Matt Herper is another among the many talented staff writers and knowledgeable contributors who built audiences around their expertise and individual brands on Forbes.com. Matt’s a walking, talking, posting encyclopedia of nearly everything that has to do with medicine. He has a strong following, too.

Matt posts far less frequently than Eric, but in much greater depth. Matt started out posting quite a bit, but reduced his output as he discovered the long-form rhythm worked best for the topic, his audience and his traffic numbers. “I think it’s partly because, in medicine, a lot of the challenge isn’t just pointing out what is important, but also why,” Matt says. “For a piece to be really valuable, you may need to take the reader into another world.” His audience trended up even as his output dramatically slowed down. He also works his audience:

“I promote pretty heavily on Twitter, where I try to stay very engaged. I think about Yahoo Finance, and I’m starting to think a lot about LinkedIn, where the point seems to be to get passed around among a group of extremely well-informed, professional readers, which then leads to even more well-informed, professional readers finding my work.”

Matt also engages with them. Using our comment moderation and filtering tools, you can always find him mixing it up with audience members who join the conversation. Additionally, Matt was able to rely on outside experts to cover breaking medical news for us. He brought on 10 or so knowledgeable writers. With Matt’s “orbit” of talent, he had more freedom to focus on longer stories. As he says, “I don’t need to worry about what might have been missed.”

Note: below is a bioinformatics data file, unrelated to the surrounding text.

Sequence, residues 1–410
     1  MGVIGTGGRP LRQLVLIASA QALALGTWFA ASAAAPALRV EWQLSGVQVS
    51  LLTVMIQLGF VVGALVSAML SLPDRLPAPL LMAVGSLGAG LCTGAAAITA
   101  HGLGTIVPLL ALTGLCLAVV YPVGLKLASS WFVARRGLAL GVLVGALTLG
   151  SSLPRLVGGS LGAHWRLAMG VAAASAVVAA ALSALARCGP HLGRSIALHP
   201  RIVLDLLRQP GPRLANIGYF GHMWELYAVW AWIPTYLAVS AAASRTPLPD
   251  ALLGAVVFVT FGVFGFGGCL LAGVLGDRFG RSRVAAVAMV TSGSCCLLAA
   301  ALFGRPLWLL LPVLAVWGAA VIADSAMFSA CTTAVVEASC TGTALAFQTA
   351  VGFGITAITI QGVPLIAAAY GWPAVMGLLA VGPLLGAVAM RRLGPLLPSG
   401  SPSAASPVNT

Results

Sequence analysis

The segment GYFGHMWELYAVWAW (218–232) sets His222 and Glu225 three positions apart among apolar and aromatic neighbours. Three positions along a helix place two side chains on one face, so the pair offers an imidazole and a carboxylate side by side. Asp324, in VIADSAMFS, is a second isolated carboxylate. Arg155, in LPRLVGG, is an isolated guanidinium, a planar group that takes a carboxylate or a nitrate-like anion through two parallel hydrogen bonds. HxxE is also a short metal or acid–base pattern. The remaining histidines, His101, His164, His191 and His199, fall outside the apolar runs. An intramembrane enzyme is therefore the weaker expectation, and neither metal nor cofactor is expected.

Last November, Matt wrote a powerful magazine cover story on the philanthropic efforts of Bill Gates, who is bringing his marketplace mentality to supplying impoverished children around the world with much-needed vaccines. The story generated a big audience when first published on Forbes.com. When traffic began to wane, Matt did something shrewd. He published a lengthy related post from material that never made it into the magazine cover package – the stuff that fell on the cutting-room floor. That post generated strong traffic, too. Matt also used those pages to promote his original cover story and the Herper brand.

There is really something much bigger at work in all this. Content is content, long-form or short-form (our reporters have succeeded with both strategies). And content is not really print or digital. Media organizations – both new and traditional – place it where they do solely for business reasons. A new breed of voracious news consumer will simply discover it, consume it, talk about it, share it – and even create new content around it – whenever they want on the platform and device of their choice.